Miliband gaffe over Brown premiership

David Miliband last night found himself in hot water after appearing to suggest Gordon Brown would not be as popular a prime minister as Tony Blair.

In a gaffe made worse by the speculation that Mr Miliband himself might one day stand for the Labour leadership, the environment secretary said that within six months of the chancellor taking over, the public would want Mr Blair back.

“I predict that when I come back on this programme in six months’ or a year’s time people will be saying, ‘Oh, wouldn’t it be great to have that Blair back, we can’t stand that Gordon Brown’,” he told BBC One’s Question Time.

“Whoever’s in, it’s one of those things – in government people have a whack at you.

“That’s part of the joy of politics, but what I would say is that this is a country that is richer, fairer and more confident than it was ten years ago, and we should be grateful for all of that.”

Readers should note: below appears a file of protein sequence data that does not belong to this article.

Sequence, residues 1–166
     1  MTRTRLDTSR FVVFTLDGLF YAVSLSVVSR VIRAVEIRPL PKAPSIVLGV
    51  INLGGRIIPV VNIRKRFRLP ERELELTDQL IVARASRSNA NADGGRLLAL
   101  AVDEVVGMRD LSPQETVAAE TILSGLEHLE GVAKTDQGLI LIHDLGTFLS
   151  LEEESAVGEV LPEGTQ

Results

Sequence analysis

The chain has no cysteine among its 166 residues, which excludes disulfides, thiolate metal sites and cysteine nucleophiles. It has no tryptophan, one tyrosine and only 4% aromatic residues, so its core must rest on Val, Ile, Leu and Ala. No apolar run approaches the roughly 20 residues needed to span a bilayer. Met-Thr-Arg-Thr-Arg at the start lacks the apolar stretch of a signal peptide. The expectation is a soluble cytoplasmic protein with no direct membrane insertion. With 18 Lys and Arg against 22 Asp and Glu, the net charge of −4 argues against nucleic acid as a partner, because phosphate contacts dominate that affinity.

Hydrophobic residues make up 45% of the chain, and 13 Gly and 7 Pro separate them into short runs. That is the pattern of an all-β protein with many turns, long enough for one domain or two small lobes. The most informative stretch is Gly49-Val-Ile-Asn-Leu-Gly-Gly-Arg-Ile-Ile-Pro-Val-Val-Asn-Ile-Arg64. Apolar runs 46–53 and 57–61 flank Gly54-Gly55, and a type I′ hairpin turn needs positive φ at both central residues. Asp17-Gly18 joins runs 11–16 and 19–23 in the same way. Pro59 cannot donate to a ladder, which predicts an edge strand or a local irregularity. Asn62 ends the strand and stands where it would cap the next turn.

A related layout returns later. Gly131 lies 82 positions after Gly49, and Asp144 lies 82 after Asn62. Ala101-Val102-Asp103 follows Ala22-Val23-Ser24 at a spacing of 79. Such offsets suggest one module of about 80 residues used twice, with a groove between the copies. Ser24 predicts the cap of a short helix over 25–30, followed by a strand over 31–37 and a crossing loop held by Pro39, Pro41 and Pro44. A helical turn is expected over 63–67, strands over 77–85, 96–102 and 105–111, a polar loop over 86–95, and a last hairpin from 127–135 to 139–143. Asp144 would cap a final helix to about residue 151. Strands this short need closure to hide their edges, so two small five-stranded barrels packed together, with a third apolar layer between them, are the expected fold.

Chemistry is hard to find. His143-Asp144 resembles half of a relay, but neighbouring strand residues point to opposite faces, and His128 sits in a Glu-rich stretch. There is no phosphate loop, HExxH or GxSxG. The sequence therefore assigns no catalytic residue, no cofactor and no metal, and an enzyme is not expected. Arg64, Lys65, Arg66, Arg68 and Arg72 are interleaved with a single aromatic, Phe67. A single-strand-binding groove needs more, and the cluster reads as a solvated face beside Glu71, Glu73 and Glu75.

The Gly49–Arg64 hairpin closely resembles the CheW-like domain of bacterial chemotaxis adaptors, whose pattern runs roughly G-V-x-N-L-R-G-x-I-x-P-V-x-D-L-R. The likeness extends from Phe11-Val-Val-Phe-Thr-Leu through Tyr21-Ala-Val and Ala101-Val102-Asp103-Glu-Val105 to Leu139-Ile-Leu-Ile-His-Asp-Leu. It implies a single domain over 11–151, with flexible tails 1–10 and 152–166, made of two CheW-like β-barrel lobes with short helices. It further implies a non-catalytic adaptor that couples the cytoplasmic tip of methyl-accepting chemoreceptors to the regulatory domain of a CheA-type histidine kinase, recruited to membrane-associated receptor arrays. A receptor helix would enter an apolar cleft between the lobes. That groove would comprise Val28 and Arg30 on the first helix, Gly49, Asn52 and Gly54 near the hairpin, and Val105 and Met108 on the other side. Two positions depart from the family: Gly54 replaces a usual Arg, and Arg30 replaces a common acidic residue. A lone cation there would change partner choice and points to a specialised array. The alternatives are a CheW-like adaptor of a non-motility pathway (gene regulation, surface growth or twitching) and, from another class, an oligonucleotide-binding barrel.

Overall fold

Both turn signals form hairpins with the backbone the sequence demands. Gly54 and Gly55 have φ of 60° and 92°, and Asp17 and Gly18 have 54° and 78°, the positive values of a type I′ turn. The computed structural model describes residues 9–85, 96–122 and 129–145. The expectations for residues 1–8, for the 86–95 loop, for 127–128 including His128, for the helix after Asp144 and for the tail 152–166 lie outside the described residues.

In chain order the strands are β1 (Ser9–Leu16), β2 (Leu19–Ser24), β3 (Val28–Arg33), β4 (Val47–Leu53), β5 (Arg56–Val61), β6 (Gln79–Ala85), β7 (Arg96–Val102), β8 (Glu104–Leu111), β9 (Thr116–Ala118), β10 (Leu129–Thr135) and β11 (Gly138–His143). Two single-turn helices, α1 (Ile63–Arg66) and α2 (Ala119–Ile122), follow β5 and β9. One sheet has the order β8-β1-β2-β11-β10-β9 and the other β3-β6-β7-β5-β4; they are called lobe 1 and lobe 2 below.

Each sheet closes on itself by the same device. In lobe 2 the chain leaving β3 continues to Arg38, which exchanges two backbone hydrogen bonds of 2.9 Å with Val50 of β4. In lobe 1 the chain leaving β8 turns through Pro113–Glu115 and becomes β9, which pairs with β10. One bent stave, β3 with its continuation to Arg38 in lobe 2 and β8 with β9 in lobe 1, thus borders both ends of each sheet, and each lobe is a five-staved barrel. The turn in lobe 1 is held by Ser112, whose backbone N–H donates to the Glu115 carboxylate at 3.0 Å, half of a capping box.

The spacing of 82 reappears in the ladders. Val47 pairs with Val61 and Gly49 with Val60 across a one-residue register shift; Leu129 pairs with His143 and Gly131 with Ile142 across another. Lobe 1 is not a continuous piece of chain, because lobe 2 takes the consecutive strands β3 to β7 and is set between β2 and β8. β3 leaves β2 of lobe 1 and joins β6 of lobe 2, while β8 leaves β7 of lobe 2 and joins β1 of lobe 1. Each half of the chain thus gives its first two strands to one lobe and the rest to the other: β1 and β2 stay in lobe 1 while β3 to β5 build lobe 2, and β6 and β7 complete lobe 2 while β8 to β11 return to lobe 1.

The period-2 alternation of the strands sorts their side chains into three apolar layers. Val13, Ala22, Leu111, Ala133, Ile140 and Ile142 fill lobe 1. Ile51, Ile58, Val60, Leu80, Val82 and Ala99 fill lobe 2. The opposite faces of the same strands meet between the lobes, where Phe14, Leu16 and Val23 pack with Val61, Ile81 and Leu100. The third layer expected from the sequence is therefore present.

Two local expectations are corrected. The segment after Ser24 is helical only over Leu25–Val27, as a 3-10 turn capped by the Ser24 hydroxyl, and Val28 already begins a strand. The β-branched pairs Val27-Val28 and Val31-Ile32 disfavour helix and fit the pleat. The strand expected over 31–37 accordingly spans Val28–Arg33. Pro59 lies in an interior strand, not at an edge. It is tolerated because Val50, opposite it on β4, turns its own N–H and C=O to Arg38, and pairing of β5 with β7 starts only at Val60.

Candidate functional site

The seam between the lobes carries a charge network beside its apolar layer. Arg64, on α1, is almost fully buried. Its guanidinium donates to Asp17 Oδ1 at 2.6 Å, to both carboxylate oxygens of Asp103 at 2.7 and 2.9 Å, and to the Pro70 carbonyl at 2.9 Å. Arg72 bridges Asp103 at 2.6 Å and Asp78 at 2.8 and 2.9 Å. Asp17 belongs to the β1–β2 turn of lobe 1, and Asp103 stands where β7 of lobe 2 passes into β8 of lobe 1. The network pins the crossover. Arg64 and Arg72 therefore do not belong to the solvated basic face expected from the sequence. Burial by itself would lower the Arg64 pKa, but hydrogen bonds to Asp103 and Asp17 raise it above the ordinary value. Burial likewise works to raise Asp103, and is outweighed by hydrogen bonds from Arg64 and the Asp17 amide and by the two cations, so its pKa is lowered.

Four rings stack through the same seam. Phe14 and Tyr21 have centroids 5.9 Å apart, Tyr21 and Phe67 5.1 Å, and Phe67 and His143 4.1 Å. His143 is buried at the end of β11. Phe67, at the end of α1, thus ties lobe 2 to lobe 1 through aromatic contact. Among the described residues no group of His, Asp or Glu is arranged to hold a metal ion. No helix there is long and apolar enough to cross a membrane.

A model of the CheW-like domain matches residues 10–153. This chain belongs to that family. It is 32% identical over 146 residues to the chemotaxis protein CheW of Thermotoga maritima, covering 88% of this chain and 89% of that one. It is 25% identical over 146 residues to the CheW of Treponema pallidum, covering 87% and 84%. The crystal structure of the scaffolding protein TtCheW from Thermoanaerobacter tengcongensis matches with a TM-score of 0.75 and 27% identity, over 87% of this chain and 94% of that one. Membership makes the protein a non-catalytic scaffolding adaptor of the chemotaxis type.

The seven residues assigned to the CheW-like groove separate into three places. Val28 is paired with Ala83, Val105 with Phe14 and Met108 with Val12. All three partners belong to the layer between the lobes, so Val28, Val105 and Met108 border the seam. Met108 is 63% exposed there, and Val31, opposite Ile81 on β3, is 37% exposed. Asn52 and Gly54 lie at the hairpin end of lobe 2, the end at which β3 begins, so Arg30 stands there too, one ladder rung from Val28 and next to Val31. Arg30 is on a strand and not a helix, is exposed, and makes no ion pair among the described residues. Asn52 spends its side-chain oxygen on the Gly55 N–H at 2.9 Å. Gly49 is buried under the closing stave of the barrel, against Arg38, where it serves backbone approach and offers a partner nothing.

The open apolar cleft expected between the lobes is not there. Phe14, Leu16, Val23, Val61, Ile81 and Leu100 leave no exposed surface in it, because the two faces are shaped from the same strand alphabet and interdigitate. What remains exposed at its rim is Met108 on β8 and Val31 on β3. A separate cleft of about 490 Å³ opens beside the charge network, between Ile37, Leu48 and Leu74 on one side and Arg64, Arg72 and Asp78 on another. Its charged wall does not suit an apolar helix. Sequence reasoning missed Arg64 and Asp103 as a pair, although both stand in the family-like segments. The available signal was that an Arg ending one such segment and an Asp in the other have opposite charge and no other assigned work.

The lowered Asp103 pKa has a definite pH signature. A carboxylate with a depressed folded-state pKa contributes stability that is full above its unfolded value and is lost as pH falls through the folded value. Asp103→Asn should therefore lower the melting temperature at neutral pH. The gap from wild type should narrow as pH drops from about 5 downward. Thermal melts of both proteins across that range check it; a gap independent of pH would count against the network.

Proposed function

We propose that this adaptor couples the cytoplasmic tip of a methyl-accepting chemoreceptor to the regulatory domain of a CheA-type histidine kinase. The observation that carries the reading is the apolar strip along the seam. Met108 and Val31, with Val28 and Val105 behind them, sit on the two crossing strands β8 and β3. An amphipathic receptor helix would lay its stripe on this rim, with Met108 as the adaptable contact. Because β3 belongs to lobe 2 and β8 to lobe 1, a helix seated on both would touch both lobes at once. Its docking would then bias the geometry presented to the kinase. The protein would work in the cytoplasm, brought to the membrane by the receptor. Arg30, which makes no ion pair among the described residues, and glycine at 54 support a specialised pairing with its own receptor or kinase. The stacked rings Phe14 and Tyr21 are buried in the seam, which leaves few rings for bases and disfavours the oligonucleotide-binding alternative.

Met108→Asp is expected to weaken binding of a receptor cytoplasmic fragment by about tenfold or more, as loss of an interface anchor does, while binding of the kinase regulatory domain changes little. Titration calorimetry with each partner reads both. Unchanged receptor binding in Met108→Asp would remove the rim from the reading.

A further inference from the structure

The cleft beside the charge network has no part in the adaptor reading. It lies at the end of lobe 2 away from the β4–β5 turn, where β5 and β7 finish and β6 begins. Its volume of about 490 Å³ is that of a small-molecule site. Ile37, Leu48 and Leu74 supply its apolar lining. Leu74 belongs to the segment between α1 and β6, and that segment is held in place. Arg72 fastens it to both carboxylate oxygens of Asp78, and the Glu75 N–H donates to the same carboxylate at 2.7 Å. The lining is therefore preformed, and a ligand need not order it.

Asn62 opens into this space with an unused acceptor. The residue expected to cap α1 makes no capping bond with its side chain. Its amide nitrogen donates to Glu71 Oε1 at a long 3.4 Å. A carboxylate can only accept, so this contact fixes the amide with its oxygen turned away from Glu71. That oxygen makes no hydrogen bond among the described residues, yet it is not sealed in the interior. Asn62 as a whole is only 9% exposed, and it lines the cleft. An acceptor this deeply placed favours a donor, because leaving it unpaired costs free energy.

However, when pressed that he was implying Mr Brown should not, as expected, take over from Mr Blair this summer, he insisted: “No, I’m not suggesting that.

“I think Gordon Brown will be the prime minister, I think he will be a very successful prime minister, but I think that in politics in the end it is at election time that people make their judgment.”

Mr Blair has refused to name Mr Brown as his successor for months, but this week gave the firmest indication that the chancellor would indeed take over at No 10.

MPs on the House of Commons liaison committee questioned the prime minister about his policy review process, asking whether it was – as many commentators suggest – an attempt to bind his successor into New Labour policies for the next ten years.

Mr Blair denied this and made clear the reviews, which cover major issues such as the reform of public services, security and globalisation, were a joint effort.

“The chancellor and I are both involved in all the policy groups and it is an attempt to say what are the challenges for the next ten years, and we are doing it collectively as a government,” he said.

“Out of this will come future policy directions; what will not come is a detailed set of plans in each area or, still less, a manifesto for the government for the future.”